'National security risk': Far-right leader pushes Hungary to draw up list of Jews
BUDAPEST, Hungary -- A Hungarian far-right politician urged the government to draw up a list of Jews who pose a "national security risk", stirring outrage among Jewish leaders who saw echoes of fascist policies that led to the Holocaust.
Marton Gyongyosi, a leader of Hungary's third-strongest political party Jobbik, said the list was necessary because of heightened tensions following the brief conflict in Gaza and should include members of parliament.
Attila Kovacs / EPA
Deputy leader of Hungary's far-right Jobbik party Marton Gyongyosi delivers a speech in Budapest on Tuesday.
Opponents have condemned frequent anti-Semitic slurs and tough rhetoric against the Roma minority by Gyongyosi's party as populist point scoring ahead of elections in 2014.
Jobbik has never called publicly for lists of Jews.
"I am a Holocaust survivor," said Gusztav Zoltai, executive director of the Hungarian Jewish Congregations' Association. "For people like me this generates raw fear, even though it is clear that this only serves political ends. This is the shame of Europe, the shame of the world."
Between 500,000 and 600,000 Hungarian Jews died in the Holocaust, according to the Holocaust Memorial Center in Budapest. According to some accounts, one in three Jews killed in Auschwitz were Hungarian nationals.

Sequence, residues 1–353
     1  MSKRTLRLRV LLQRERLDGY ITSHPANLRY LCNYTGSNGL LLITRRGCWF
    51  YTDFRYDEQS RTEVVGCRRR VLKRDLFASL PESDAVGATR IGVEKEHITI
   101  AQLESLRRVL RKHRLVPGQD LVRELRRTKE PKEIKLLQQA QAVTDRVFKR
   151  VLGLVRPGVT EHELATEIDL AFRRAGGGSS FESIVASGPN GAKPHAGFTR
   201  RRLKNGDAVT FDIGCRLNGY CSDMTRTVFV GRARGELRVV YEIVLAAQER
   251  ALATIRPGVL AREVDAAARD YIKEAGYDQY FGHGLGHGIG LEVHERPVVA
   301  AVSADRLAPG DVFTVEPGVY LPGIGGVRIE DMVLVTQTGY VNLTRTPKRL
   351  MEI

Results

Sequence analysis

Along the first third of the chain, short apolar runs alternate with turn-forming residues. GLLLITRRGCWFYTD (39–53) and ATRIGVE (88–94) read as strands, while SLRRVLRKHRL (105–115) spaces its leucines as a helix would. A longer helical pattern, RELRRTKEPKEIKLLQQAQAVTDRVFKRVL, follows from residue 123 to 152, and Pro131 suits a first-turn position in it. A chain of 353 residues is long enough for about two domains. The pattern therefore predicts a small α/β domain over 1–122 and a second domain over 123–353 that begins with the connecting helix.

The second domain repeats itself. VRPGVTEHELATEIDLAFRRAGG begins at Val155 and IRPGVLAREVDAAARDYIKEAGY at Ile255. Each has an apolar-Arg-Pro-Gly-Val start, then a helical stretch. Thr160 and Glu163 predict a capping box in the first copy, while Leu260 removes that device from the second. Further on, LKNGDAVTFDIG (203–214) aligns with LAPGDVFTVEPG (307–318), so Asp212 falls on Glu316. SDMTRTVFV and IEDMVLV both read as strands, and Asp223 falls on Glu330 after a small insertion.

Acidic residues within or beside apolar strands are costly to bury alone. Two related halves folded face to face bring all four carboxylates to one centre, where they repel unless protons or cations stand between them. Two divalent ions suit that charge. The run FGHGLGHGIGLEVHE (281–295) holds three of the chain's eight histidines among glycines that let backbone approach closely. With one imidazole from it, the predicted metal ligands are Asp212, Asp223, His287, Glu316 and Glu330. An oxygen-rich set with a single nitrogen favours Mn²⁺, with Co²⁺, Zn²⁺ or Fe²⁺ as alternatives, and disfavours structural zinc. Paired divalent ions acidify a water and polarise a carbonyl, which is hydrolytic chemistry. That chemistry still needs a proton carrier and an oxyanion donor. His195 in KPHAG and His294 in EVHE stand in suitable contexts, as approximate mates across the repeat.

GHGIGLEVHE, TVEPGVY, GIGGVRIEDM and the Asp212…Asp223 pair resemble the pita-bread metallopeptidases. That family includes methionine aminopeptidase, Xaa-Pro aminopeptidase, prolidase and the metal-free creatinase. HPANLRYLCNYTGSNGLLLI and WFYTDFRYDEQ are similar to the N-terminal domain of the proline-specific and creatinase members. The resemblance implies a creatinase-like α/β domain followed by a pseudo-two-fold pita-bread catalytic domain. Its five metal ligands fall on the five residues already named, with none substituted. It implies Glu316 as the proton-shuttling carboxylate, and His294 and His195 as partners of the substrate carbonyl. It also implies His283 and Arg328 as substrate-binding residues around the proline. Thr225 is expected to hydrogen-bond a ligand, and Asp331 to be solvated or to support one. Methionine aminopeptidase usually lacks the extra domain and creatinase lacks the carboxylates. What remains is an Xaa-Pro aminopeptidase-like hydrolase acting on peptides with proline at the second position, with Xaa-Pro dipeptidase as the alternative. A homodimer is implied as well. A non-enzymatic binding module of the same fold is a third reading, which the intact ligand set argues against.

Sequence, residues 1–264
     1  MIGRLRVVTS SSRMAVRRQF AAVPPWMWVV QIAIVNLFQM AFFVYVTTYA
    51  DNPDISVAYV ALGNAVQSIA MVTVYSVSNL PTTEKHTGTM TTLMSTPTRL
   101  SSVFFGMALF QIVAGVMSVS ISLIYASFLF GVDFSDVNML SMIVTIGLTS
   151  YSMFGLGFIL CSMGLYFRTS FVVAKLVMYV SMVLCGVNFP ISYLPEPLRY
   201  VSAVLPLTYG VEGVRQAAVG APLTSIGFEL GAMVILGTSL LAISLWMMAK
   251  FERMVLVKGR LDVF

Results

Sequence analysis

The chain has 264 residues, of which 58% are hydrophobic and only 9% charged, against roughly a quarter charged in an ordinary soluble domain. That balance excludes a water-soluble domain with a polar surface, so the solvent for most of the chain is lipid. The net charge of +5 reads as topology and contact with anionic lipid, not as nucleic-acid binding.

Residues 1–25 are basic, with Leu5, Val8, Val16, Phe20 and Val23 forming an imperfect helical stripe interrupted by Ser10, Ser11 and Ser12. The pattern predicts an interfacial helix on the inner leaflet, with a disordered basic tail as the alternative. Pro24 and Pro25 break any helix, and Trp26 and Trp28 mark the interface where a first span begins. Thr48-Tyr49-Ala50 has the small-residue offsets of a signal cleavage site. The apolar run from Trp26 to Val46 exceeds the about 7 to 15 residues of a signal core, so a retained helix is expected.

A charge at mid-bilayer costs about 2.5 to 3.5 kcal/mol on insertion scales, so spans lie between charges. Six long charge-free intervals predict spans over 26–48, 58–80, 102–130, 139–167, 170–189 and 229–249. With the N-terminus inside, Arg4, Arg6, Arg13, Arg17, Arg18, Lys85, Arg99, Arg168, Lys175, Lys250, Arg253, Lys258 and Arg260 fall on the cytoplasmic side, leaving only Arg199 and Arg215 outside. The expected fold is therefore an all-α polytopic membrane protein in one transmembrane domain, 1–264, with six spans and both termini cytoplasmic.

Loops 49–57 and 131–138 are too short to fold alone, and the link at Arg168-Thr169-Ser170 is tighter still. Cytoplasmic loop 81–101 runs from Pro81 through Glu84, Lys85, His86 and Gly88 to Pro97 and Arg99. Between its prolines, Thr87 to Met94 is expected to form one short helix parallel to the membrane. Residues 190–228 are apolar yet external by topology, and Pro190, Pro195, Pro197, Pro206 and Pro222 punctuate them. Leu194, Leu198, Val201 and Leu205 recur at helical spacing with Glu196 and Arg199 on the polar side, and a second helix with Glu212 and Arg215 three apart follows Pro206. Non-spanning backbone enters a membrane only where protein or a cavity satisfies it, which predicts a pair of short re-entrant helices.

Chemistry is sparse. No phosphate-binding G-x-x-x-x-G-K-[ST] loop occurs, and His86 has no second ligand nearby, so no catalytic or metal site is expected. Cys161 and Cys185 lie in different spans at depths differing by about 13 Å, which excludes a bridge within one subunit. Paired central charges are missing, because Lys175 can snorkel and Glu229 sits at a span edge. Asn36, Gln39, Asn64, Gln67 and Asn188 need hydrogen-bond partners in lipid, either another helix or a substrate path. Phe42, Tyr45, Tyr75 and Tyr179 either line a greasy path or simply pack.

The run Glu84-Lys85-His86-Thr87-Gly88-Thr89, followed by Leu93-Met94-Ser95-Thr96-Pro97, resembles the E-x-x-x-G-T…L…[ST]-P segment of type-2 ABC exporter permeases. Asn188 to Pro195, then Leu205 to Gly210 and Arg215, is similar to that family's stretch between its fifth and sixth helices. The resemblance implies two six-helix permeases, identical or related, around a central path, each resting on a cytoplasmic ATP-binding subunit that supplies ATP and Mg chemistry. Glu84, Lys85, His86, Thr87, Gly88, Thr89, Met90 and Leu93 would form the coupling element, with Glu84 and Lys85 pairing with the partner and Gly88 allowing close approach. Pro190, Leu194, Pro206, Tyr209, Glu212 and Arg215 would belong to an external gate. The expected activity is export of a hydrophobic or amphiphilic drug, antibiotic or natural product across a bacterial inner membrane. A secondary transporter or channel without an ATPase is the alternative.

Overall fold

Gyongyosi's call came after Foreign Ministry State Secretary Zsolt Nemeth said Budapest favored a peaceful solution to the Israeli-Palestinian conflict as benefiting both Israelis with Hungarian ancestry, Hungarian Jews and Palestinians in Hungary.["Palestinians" in Hungary? How many "Palestinian" Arabs, how many other Arabs, how many Muslims, has Hungary foolishly allowed to settle within its borders?]
Gyongyosi, who leads Jobbik's foreign policy cabinet, told Parliament: "I know how many people with Hungarian ancestry live in Israel, and how many Israeli Jews live in Hungary," according to a video posted on Jobbik's website late on Monday.
"I think such a conflict makes it timely to tally up people of Jewish ancestry who live here, especially in the Hungarian Parliament and the Hungarian government, who, indeed, pose a national security risk to Hungary." [now why is that?]
Gyongyosi, 35, is the son of a diplomat who grew up mostly in the Middle East and Asia -- Egypt, Iraq, Afghanistan and India -- and whose office is decorated by Iranian and Turkish souvenirs. He graduated with a degree in business and political science from Trinity College in Dublin in 2000. [Did he take his clothes to be cleaned at The Swastika And Bells? Or did his Trinity Colletge stay possibly prompt a wish to elicit a Book of Kvells?]
He worked for four years at the Dublin office of KPMG, then returned to Budapest in 2005. He has been active in Jobbik since 2006 and became their representative in parliament in 2010.